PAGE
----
Third step in the step-by-step guide to analysing vibrations:
A real life example - analysing vibrations from a tram
As usual, nothing is better than actually showing how we record and analyse vibrations rather than only writing about it. So, let us take a look at a situation where we helped with analysing vibrations on trams in the city of Stockholm to understand if they were so severe that it could lead to physical damage for the staff working on the trams.
Setup and preparation
To the measurement site, we brought the following in terms of equipment:
- One ReLog S
- Mounting magnets
- Cleaning kit to ensure solid mounting of the ReLog
After discussing the situations and interpreting your vibrations, it was decided that we should focus on vibrations on the beams that made up the bulk of the tram. The next step was to properly clean the beams where we intended to mount the ReLog to ensure that the quality of the measurements would be as good as possible. We choose magnets as we only wanted to look at fairly low vibrations (up to 200 Hz), and it made our job easier in terms of mounting the ReLog.
Setting the sample rate and measuring
As we only wanted to look at vibrations up to 200 Hz we set the sample rate to 500 Hz to ensure the quality of the measurement would be good enough. After having mounted the ReLog, we started the measurement by powering on the ReLog and simply pressing the start button.
The entire measurement took about 80 minutes, which corresponded to the tram going from one end-stop to the other one. Below, you can see an image visualising the entire signal where our first piece of vital information is seen in the top left corner: the RMS value for the entire signal.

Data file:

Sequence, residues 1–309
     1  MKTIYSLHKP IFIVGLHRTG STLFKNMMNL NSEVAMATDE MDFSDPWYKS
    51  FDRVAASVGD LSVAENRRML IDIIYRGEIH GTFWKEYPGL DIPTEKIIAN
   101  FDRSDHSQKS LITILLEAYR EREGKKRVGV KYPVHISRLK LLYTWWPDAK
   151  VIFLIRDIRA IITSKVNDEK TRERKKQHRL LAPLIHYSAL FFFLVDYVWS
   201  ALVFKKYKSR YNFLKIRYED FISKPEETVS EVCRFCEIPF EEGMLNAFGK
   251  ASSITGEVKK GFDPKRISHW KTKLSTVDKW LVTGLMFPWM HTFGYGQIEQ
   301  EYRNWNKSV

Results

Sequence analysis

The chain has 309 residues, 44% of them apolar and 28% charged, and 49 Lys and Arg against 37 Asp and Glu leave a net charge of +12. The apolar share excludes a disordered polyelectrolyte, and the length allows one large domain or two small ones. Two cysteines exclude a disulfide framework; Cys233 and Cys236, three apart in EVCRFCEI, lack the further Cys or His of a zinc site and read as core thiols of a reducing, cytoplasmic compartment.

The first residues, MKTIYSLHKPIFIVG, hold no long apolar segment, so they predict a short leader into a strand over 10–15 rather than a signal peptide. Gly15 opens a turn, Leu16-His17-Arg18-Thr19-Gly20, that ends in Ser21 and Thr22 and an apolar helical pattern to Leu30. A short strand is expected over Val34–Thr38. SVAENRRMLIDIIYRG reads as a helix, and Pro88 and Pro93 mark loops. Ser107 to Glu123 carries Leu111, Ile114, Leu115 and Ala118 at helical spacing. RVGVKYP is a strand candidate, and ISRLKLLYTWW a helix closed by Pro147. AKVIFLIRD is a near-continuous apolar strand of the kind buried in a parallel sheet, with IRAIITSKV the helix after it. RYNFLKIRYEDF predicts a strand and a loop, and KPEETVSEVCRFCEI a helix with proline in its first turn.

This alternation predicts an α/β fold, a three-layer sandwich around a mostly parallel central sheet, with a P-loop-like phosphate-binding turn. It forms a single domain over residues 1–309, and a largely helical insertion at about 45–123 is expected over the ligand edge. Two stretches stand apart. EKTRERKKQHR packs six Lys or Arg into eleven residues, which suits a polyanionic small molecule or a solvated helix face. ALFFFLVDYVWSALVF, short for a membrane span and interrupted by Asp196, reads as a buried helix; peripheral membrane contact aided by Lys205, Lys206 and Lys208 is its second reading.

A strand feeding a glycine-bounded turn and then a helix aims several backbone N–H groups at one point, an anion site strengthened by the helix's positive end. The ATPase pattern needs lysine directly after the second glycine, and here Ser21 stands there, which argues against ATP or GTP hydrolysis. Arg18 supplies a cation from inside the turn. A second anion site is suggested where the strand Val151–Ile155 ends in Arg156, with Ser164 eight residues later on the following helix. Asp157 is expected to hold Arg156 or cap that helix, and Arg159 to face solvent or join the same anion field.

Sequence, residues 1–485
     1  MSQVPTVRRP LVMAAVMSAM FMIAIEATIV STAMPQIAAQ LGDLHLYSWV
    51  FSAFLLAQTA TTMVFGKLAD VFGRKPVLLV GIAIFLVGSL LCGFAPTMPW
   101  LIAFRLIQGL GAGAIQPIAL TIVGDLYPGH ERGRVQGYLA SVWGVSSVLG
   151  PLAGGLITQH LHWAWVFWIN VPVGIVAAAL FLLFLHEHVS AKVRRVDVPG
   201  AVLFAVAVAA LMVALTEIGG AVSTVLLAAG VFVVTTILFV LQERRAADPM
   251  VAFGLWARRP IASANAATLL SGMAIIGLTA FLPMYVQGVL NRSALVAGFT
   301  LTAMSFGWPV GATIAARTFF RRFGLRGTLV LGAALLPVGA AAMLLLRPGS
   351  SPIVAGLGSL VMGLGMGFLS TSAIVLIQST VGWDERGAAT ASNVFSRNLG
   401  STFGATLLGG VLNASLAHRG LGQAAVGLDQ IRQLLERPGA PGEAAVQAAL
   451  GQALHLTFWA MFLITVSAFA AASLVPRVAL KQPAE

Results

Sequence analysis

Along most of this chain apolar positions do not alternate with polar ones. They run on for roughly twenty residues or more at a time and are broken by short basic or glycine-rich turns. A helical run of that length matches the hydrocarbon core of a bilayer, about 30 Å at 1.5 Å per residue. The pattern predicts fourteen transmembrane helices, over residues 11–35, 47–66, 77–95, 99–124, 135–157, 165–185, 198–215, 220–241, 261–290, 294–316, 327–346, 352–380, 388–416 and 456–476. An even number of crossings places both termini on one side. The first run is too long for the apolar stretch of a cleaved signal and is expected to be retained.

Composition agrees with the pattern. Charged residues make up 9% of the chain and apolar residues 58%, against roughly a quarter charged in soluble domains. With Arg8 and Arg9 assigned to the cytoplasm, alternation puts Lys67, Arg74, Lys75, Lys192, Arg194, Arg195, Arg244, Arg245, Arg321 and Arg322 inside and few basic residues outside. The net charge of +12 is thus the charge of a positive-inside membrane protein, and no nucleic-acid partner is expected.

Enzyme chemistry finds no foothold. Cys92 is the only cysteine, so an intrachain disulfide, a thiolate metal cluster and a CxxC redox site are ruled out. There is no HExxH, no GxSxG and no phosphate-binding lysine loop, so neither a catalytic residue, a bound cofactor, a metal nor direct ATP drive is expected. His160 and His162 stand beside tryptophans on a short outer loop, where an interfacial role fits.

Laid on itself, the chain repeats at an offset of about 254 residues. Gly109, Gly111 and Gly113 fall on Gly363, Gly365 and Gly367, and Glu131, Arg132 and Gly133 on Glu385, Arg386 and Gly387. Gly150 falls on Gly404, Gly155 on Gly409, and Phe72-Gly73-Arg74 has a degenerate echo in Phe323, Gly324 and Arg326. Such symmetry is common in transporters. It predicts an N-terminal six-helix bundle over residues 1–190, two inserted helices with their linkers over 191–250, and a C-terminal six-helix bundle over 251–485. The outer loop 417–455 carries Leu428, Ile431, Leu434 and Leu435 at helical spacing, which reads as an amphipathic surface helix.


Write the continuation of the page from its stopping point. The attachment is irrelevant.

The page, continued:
The RMS value for the entire signal was found to be 0.37 g’s. But, what we immediately can see is that the vibrations stop completely on a regular basis. This coincided with when the tram was standing still at the station and letting people on and off. And, the large spikes that can be seen corresponded well with the times when the tram accelerated and applied the brakes to either speed up or slow down. While running at a constant speed, the vibrations seemed to be slightly lower.
Analysis - interpreting your vibrations
The next step for us was to take a closer look at the vibrations and perform an FFT as well as a PSD analysis to truly understand which vibration levels that could be found on frequencies between 0 – 100 Hz. These levels predominately are the vibrations that the staff would experience as irritating and potentially dangerous which takes us a lot closer to interpreting your vibrations and their impact.
The analysis was performed in VibInspect and handed over to the client for closer inspection.
Fourth and final step in the step-by-step guide to analysing vibrations:
What type of data logger is required to get high quality analysis?
The choice of vibration data logger has a big part in getting high-quality data. For us, we mainly look at three things when using or recommending a data logger:
- Accelerometer specifications, and more specifically the following specs:
- Resolution in g (the lower the more precise data)
- Bandwidth (the higher it is the better possibility of measuring high-frequency vibrations)
- Sample rate (should be customisable so you can adapt per the necessary measurements)
- Mounting possibilities, to ensure that the data logger can be properly mounted to guarantee the correct transfer of the vibrations to the data logger
- Battery size & memory size, to ensure that measurements can take place for a long time without risking that the data logger runs out of memory or battery.
If you are interested in a more detailed analysis of which data logger that could be a good choice for your purposes, please have a look at our article “Which is the best vibration data logger?“